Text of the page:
Learning skills, building the future
August 1, 2008 · Updated 7:01 PM
Summer sports camps are always fun to attend and camp coordinators make sure there is no pressure to perform put on any of the participants.
In addition to having a good time, camp attendees learn basic skills they can use to improve their game and build a base to advance to the next level of competition.
This is particularly true in basketball.
On Monday, Aug. 28, and continuing through Thursday, Aug. 31, Oak Harbor High School head girls basketball coach Brett McLeod, his staff and some of the Wildcat varsity players conducted a basketball skills camp for younger players.
The camp ran from 9 a.m. to noon each day and any young woman who chose to crawl out of bed early in the morning during summer vacation, don practice gear and head to the high school to work out, has a definite interest in playing basketball.
“We have 16 campers in this class which is kind of a low turnout, but this is a fun group to work with,” McLeod said. “In addition, 10 of my high school players have been helping out on various days.”
Campers ranged in age, size and ability from first-graders through middle-schoolers and the majority of them agreed that working on their shooting was the most important thing they learned.
Kacie Keil and Monica Vidoni, both age 11 and both first-time participants in the Oak Harbor camp, when asked about what they’d learned, both echoed, “Shooting.”
“We met a lot of really nice people, too,” Keil added.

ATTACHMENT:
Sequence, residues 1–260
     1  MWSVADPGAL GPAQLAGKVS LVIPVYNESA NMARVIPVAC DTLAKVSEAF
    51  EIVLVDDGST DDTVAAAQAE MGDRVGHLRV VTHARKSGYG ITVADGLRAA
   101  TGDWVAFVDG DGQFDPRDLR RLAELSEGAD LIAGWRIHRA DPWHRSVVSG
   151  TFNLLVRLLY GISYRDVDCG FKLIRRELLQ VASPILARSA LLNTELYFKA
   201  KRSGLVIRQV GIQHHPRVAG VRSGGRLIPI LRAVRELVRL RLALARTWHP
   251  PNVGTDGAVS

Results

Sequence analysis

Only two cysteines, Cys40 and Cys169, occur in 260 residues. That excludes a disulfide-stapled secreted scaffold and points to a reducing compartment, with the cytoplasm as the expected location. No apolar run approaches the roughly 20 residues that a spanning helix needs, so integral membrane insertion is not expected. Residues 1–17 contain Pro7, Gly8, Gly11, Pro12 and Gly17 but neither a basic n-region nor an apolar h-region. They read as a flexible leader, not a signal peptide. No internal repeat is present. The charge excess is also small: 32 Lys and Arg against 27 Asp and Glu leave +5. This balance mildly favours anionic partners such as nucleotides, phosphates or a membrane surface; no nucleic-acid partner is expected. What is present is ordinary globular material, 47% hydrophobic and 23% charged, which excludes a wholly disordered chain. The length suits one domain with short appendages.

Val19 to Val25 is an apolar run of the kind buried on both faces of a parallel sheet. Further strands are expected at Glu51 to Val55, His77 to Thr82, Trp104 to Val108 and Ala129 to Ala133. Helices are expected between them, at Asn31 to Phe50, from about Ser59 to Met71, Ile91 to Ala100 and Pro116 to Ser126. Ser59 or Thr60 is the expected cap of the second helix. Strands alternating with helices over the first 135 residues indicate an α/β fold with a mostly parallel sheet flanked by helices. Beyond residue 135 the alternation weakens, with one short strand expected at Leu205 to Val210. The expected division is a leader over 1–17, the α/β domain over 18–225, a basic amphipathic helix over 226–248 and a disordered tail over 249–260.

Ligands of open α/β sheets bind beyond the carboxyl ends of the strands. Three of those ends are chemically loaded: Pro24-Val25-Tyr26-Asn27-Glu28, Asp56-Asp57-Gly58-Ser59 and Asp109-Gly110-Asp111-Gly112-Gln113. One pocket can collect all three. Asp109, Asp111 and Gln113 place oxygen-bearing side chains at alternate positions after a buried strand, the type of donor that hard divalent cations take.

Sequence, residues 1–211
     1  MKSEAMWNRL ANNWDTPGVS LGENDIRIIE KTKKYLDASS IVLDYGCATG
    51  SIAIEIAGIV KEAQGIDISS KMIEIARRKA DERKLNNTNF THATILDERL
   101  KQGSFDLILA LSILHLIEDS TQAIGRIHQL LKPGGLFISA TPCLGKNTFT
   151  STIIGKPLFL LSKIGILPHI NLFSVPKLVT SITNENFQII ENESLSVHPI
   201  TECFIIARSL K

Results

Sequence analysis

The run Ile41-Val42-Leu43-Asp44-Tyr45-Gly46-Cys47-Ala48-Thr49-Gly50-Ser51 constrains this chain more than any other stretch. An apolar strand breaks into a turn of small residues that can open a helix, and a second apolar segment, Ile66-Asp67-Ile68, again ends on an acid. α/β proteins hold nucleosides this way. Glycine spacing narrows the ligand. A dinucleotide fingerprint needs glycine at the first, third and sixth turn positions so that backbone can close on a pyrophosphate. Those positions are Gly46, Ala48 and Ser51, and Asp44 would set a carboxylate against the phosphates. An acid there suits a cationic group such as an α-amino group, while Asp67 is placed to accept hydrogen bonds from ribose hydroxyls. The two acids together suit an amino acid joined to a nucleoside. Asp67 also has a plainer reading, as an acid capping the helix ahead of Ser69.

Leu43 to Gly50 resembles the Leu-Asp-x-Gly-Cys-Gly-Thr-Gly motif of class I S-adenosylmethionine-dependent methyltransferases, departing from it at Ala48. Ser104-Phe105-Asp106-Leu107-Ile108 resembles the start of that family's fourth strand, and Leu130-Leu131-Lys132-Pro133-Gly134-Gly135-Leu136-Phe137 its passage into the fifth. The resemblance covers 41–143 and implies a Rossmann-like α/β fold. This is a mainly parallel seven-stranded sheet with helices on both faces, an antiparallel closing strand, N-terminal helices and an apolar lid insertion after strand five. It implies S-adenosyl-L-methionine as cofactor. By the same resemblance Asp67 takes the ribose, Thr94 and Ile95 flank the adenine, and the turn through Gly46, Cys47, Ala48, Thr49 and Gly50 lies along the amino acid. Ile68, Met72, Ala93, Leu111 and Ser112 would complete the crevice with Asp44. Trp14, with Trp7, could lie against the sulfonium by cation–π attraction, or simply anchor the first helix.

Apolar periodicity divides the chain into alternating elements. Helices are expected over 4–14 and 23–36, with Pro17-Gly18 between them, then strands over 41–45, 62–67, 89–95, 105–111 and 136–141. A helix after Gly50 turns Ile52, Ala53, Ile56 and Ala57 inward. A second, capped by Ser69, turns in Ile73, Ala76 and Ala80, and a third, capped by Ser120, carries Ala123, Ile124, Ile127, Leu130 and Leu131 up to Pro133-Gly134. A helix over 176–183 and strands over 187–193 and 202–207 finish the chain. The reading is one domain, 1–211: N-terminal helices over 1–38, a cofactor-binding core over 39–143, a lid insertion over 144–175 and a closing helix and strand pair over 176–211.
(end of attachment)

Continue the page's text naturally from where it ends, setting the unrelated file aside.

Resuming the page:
Ten-year-old Mariel Empinato, one of the veterans even at a young age, said she comes here every year for basketball.
“I have fun and I learn more every year,” she said.
Another camp veteran is 10-year-old Taylor Heidt, who said she has been coming to Oak Harbor’s camp for five years.
“I meet a lot of new people every time, it’s fun,” she said.
McLeod said he will be inviting some of this year’s campers to try out for the select team in September.
“This year, we will be combining the boys and girls select teams under the same organization for the first time,” he said. “In past years they have been two separate groups, but we figured we could be more coordinated if we worked things together.”
McLeod said the first through fifth-graders have really improved since the first day of camp.
“Hopefully, all the girls now have a base to work with on their own when the camp is over,” he said.
One thing is certain, to build a winning sports program you have to start with young players and develop their skills as they grow and mature.